The Cambridge History of English and American Literature in 18 Volumes (1907–21).
Volume X. The Age of Johnson.
§ 12. Magisterial work and humane efforts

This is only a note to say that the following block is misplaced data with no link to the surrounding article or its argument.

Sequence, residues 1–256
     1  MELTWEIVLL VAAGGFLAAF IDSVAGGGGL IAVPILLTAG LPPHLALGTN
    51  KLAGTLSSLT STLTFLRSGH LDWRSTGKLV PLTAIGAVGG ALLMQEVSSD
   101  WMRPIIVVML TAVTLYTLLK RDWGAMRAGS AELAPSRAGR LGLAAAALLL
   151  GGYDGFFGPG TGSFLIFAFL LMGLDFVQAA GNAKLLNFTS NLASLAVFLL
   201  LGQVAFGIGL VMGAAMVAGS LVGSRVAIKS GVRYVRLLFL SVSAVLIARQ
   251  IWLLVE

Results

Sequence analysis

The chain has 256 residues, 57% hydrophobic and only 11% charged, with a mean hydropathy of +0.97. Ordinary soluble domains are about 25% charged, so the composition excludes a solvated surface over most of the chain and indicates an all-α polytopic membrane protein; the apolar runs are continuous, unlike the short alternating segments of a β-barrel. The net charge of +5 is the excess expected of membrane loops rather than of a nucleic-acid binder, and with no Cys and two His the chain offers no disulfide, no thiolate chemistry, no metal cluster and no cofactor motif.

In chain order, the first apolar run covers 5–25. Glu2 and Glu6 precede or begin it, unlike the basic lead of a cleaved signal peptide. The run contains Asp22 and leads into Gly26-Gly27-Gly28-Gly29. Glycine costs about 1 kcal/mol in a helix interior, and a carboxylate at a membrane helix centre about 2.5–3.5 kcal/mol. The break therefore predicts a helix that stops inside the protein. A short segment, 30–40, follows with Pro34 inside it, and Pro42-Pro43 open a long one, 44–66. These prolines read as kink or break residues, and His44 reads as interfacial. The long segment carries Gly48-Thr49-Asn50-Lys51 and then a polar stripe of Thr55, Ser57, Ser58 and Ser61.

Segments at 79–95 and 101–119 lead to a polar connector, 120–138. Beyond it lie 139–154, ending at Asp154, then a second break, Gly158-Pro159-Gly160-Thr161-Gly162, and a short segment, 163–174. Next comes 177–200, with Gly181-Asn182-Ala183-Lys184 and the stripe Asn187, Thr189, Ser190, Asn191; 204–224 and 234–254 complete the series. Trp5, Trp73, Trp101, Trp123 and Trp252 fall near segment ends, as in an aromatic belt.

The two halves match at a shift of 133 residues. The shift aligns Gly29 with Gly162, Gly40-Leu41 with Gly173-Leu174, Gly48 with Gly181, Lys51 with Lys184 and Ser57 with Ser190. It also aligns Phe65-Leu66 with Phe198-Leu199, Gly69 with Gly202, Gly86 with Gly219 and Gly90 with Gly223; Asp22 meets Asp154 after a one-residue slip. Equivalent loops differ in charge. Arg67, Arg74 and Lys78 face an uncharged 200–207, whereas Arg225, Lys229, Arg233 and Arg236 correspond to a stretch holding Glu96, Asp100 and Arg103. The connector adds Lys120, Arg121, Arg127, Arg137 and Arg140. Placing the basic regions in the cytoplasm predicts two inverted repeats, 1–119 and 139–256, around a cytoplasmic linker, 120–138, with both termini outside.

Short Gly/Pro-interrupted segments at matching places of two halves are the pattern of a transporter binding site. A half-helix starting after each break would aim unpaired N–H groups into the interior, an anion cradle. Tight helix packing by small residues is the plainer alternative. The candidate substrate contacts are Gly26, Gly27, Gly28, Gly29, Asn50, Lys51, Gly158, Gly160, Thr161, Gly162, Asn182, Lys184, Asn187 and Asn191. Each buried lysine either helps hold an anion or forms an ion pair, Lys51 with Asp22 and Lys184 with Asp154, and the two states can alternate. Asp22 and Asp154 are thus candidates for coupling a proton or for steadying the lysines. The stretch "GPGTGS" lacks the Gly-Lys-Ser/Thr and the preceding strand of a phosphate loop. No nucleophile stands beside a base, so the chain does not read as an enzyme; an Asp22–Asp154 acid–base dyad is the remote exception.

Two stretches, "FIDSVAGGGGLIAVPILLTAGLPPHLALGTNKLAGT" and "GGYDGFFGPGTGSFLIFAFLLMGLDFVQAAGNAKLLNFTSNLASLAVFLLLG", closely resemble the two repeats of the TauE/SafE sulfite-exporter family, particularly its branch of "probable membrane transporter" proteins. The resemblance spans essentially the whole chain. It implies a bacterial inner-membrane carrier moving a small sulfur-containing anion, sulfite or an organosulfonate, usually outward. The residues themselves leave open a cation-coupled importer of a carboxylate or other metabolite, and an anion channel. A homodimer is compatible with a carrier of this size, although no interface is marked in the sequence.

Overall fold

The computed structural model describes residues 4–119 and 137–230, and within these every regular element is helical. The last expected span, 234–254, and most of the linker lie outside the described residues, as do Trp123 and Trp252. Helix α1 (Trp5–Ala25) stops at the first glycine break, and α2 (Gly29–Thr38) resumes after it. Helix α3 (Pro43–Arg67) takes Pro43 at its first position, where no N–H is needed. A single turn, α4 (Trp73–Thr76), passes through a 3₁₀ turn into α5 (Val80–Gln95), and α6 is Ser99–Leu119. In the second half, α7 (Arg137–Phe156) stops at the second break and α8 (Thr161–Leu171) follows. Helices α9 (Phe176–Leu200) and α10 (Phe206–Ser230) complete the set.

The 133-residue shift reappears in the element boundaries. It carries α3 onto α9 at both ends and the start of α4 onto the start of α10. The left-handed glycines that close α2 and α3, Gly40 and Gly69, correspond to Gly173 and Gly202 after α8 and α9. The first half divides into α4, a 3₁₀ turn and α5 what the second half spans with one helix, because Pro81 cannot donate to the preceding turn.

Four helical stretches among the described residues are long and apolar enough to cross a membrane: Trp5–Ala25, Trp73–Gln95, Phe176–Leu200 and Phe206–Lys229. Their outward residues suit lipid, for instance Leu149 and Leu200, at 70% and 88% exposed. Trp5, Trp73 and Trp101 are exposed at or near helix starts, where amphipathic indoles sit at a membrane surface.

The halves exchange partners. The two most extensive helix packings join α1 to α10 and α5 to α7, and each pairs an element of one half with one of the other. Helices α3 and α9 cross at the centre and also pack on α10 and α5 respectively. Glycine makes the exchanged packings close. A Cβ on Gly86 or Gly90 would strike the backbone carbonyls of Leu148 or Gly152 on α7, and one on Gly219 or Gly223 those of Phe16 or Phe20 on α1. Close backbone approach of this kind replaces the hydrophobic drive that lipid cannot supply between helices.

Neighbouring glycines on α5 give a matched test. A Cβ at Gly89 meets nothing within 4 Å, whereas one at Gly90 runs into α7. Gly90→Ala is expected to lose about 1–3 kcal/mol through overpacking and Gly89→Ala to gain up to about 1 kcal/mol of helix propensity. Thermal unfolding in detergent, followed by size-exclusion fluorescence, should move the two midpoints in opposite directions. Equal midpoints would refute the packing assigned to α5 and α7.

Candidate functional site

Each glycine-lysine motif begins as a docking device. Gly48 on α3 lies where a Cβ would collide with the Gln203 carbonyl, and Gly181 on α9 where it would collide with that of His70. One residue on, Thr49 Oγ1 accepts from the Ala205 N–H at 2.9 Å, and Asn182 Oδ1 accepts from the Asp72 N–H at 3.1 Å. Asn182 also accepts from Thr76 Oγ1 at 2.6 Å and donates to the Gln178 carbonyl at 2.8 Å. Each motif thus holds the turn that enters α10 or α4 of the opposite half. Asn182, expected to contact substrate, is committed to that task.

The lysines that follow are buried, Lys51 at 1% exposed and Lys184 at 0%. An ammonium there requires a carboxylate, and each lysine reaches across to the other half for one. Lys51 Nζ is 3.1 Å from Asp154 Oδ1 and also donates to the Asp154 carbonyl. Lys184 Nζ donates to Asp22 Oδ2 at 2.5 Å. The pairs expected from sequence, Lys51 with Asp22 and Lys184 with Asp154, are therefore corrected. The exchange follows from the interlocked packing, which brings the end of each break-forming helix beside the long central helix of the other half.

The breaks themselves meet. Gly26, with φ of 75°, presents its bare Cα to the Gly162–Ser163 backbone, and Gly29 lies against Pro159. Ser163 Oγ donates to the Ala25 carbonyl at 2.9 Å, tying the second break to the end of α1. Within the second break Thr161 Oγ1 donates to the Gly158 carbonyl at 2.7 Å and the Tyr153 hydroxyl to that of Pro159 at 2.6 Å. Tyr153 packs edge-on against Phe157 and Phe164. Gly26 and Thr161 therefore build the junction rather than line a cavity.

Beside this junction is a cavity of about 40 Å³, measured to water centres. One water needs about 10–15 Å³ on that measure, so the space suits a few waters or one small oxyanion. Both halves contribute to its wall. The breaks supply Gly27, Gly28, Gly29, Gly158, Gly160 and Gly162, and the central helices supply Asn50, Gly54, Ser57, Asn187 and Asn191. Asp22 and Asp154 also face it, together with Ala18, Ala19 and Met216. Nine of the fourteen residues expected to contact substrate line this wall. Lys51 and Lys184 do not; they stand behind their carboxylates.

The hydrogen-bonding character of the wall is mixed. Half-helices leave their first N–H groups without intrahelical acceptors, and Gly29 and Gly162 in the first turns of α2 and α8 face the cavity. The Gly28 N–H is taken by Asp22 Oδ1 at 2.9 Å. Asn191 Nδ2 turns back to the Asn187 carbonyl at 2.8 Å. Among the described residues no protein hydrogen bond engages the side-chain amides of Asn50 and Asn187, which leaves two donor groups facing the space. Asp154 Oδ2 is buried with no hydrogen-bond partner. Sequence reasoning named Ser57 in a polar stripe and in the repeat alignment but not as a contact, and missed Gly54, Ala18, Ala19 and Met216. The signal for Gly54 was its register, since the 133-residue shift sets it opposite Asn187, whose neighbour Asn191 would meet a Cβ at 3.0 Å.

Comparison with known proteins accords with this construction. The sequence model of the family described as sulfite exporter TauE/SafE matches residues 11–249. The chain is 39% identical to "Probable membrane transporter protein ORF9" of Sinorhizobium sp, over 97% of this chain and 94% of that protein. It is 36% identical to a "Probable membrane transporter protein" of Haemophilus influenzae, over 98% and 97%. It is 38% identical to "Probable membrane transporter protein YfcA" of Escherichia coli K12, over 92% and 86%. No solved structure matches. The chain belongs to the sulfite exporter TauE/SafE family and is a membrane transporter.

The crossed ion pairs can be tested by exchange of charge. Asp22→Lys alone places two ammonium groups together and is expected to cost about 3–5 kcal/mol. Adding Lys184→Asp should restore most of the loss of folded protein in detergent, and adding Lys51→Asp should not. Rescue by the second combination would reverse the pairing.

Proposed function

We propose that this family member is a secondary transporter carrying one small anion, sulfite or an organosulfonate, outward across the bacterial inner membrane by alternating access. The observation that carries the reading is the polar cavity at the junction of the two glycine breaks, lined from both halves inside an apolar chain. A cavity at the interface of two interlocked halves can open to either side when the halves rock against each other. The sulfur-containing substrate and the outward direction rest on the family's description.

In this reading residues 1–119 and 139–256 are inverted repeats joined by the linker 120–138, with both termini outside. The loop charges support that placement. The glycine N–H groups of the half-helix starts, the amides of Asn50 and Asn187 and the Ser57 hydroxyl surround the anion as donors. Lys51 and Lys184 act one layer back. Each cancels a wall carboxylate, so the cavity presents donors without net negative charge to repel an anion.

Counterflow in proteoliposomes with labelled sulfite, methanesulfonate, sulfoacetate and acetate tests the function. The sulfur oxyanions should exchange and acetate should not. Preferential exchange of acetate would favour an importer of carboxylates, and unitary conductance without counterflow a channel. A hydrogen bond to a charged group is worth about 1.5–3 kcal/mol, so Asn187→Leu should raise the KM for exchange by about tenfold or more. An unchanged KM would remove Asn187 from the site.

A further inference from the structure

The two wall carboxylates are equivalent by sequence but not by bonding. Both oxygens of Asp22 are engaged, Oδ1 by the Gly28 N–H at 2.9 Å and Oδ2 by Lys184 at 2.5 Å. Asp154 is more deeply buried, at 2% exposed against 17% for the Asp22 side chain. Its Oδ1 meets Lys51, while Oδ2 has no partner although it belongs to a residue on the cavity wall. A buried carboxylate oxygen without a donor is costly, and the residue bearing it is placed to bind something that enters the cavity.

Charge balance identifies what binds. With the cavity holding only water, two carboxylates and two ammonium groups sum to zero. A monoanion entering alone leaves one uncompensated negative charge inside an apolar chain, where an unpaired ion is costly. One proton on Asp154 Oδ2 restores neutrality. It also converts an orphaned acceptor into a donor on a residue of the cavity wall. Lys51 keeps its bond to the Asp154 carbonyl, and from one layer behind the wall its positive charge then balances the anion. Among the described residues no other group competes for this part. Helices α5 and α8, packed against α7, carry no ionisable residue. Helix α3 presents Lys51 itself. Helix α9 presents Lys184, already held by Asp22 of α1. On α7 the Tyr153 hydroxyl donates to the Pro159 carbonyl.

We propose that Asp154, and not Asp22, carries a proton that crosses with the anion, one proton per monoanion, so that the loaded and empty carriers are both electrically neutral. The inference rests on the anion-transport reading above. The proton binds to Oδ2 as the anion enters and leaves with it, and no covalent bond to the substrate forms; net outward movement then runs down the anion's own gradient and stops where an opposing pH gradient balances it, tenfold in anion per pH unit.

When Fielding took the magistrate’s post, it was one of small honour, and of only such profit as could be made out of small honour, and of only such profit as could be made out of one or both parties to the cases brought before him. Squeezum and Thrasher were probably only too faithful portraits of the trading justices, as they were called. Fielding, however, took his work very seriously; considerably reduced its emoluments by his honesty; and endeavoured to remedy at the root the appalling evils due to ignorance, poverty, drink and the lack of an efficient police force. His Proposals for erecting a country work-house may, to modern ideas, seem repellently brutal; to his own age, they seemed sentimentally humane.